Thursday, January 11, 2007

Comics Round-Up (STL 56)

Here's the first comics round-up of the new Simplest Things Last. I wrote about comics occasionally before, but didn't survey current happenings. Don't think I've done super-hero comics at all. This past year I got into following multiple super hero titles and weekly comics buying for the first time since the 80's. Although I really enjoy what's going on in the comics I'm reading, the weekly trip doesn't fit my budget or the publication schedule of what I'm interested in. I found that I would often either have to come home with one or two comics, or I'd be tempted to stretch to meet my weekly budget by trying out something new. That's fine until the occasional weeks when a lot of comics I read come out and I had to go over budget. However, this year I'm limiting myself to biweekly trips on a reduced budget. This way I will come home with more good stuff but actually spend less. Also, with the ending of Marvel's Civil War event, I'll be dropping several titles I wouldn't otherwise buy. I'm sticking with this plan at least until I get a new job.

I'll be writing about my purchases after every trip. There will be spoilers.

Yesterday I bought six comics. In ascending order of good-itude, they were

  • Amazing Spider-Man #537. I'm only reading this comic as a tie-in to the company-wide "event." This issue is part 6 of 7, so I'll almost certainly be dropping Spidey next month. Not that it's so bad, but fairly middling in all ways. Ron Garney's art isn't over-rendered like so much out there now, but there's at least one sequence near the beginning that I can't make heads or tails out of-- Peter Parker apparently leaves his motel room once but returns to it twice. J. Michael Straczyski's script is alright, although the conversation between Spidey and Captain America goes on for t00 long. Actually, it's not the conversation that goes on for too long, the actually interchange is great, but it's Cap's citation of Mark Twain that "voices over" a montage from Cap's career. It reminds me of those terrible back-ups in Civil War Frontline that try to make the Civil War "relevant" and "artistic." These are worthy goals, but the execution in every case I've seen is totally misguided.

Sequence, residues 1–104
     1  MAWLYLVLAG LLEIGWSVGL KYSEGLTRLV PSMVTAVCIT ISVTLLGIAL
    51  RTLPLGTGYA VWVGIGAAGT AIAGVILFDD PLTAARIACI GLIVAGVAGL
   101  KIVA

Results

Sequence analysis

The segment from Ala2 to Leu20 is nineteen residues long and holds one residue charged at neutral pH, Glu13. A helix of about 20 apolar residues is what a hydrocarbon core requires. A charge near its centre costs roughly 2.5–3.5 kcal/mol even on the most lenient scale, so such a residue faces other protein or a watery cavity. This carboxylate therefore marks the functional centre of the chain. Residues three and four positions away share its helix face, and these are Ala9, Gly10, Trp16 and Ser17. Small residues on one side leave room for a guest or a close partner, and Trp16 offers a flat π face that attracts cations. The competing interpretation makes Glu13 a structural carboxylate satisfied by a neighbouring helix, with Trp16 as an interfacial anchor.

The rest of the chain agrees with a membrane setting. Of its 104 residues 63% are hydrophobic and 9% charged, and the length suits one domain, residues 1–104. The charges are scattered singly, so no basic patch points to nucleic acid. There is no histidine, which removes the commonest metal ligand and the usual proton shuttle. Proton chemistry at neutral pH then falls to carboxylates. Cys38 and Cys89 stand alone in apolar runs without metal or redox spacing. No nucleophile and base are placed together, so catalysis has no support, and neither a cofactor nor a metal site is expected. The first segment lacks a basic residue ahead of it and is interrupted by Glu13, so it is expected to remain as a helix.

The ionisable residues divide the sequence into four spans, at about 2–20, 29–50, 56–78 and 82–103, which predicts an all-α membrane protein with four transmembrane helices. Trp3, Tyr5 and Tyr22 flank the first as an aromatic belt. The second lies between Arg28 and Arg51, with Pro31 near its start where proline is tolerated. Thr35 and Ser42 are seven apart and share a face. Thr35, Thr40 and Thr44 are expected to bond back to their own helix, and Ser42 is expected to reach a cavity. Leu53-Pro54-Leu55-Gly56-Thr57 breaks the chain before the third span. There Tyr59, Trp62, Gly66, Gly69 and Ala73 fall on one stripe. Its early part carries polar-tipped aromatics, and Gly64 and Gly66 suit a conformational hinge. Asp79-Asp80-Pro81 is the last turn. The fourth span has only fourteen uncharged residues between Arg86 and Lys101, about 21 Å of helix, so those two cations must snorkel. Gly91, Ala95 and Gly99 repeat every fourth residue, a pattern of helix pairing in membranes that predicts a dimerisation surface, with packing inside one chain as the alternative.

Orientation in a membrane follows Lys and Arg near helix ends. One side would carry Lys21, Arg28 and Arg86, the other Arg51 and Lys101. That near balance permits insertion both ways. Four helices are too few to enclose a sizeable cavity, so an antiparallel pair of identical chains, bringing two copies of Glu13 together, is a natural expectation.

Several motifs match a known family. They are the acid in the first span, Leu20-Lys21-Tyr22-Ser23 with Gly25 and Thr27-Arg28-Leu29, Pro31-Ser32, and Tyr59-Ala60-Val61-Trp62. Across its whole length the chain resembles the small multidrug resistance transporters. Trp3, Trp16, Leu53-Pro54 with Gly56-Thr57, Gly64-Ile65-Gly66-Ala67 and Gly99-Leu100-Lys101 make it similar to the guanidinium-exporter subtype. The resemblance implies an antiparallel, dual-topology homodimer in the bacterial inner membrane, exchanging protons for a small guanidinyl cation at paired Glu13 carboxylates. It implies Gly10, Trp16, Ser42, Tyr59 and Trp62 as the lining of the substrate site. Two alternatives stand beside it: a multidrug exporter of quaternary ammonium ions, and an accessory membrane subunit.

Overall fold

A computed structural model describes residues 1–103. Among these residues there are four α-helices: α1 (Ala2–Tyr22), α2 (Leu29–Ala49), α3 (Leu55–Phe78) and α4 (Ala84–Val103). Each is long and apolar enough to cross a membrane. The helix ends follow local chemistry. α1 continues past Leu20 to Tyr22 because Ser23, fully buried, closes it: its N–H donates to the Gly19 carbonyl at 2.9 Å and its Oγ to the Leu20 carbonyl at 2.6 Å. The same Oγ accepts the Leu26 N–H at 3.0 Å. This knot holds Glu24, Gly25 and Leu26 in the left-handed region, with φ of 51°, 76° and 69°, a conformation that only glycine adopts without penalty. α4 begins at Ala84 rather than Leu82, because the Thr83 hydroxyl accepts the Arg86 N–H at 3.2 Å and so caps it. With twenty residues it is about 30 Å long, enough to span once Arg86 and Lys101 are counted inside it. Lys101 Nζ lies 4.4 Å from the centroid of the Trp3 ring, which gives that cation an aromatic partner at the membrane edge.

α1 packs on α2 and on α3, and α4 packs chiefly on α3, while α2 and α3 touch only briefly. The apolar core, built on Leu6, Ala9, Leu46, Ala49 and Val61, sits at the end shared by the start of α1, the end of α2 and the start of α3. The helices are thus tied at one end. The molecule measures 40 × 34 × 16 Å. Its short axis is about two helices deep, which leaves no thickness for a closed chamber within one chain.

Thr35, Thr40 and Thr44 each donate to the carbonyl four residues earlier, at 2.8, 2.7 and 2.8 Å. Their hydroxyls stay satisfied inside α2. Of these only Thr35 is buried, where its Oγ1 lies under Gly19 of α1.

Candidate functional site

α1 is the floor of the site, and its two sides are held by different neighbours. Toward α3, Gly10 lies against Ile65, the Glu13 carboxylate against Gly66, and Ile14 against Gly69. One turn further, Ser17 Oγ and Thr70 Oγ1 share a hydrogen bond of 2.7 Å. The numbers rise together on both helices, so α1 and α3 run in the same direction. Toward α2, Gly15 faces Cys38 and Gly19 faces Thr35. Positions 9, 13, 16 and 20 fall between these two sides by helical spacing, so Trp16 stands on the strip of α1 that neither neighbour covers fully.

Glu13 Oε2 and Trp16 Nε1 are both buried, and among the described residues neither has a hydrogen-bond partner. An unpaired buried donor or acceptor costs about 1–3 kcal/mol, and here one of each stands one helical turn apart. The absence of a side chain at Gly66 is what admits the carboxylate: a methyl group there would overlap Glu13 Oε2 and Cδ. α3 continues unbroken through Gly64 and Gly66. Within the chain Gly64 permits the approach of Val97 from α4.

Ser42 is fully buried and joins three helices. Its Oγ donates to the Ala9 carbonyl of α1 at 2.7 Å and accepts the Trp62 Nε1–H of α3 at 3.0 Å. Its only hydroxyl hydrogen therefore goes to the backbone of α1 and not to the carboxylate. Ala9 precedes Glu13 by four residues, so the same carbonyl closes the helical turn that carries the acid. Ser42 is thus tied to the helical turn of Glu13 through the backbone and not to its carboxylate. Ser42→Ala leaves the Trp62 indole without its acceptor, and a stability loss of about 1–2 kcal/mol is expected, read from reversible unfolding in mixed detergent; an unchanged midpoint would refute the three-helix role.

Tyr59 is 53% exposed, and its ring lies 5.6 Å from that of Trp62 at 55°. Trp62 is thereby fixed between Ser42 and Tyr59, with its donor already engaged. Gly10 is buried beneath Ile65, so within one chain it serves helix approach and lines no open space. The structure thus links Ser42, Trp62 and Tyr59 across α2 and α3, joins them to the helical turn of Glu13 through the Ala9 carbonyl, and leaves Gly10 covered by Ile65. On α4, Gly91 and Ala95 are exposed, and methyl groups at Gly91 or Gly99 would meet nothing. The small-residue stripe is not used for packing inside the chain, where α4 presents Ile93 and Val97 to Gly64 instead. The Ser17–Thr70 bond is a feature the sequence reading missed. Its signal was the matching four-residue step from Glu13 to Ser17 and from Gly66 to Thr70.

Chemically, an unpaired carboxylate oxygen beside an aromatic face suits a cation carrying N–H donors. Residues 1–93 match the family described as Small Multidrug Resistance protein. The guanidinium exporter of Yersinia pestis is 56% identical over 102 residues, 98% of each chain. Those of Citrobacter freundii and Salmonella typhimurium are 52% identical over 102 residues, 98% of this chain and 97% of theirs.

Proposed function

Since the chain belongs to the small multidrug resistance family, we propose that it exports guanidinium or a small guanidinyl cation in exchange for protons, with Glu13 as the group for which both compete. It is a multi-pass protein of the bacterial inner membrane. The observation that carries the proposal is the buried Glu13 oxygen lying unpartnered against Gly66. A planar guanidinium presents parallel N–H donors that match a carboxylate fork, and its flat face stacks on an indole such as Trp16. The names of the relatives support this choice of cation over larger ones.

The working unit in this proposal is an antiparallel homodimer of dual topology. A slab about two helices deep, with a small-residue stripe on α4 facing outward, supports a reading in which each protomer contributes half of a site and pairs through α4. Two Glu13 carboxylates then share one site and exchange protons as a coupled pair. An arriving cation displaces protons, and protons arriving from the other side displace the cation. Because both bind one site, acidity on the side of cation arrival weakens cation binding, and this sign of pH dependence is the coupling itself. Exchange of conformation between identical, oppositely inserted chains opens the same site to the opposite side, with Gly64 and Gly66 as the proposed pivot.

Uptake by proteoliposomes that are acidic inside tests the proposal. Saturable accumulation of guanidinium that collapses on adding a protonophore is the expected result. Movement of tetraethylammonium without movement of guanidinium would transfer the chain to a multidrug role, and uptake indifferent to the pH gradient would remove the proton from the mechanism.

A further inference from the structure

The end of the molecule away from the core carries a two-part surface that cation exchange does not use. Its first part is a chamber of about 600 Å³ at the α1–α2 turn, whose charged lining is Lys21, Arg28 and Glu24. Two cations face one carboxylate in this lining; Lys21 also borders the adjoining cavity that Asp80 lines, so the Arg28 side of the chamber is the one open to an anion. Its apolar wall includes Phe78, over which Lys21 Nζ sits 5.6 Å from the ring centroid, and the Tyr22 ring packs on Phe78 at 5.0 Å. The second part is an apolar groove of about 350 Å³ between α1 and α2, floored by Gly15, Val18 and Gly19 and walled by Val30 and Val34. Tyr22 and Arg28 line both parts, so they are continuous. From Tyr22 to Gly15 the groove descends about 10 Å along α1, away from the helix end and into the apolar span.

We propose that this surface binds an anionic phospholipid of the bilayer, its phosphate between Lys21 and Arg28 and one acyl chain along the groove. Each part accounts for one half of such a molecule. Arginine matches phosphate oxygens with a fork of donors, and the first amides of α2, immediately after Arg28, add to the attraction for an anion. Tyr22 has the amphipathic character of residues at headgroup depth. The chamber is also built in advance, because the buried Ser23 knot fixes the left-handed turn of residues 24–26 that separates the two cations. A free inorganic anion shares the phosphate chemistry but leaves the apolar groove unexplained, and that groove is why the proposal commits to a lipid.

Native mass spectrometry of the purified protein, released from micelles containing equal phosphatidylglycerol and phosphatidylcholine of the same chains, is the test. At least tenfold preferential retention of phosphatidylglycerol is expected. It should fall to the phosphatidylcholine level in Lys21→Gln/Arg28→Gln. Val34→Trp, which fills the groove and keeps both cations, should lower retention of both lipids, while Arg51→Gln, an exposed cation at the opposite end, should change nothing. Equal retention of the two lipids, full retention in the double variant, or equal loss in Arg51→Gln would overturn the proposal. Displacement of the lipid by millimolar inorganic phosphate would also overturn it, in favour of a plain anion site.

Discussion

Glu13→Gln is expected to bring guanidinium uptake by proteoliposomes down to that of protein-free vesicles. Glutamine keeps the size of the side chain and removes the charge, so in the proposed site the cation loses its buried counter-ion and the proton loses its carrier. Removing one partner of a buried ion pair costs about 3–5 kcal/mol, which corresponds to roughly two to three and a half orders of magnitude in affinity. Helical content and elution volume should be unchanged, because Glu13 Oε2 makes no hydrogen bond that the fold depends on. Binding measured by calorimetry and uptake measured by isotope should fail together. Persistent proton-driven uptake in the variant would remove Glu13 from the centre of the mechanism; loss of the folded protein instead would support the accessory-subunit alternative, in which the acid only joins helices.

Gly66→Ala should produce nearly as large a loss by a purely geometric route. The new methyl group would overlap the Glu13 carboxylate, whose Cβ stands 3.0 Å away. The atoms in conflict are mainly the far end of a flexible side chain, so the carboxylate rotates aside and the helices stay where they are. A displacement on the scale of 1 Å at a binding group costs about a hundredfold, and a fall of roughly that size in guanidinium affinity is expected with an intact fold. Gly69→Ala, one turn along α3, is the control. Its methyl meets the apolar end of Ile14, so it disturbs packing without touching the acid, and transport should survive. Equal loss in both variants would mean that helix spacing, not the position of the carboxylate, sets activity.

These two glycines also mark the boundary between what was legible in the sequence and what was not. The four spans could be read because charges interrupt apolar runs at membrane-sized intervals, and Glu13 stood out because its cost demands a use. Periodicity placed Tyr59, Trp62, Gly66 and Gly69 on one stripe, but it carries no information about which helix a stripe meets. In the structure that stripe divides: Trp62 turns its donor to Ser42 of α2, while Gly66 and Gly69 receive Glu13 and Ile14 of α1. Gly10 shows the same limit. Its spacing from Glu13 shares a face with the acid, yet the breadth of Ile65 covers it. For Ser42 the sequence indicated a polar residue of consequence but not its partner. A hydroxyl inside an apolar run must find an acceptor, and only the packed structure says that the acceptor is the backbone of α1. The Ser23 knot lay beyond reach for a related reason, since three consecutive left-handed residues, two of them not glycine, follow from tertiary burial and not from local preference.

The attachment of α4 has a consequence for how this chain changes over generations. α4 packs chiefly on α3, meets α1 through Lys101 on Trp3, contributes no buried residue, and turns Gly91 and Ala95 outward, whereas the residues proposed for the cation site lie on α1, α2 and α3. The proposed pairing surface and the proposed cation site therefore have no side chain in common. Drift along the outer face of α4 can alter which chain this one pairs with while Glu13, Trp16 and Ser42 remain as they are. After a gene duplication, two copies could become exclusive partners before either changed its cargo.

• Justice Society of America #2. I think the relaunched JSA depends on a lot of DC Universe history that I only partially know. But I like the idea, since it taps into the potential of comics stories to take place in network of events that no one totally knows. I know more DCU history than the average bear I suppose, and I was pretty excited by the double reveal at the end, (I ALREADY SAID SPOILERS) in which we learn that Starman is the old Star Boy from the future, who has escaped from the more recent future of Kingdom Come (got it?). Since the series is still ramping up, and since I liked the first issue a lot, I'll be sticking with this for now.
  • Civil War #6. On reflection, the hype influenced my rating of this book, which may be the worst of the group. There has been some good characterization and reflective moments in Civil War, but it's apparently coming to a head in a big fight. This is over next month, so I'll reserve judgment til then.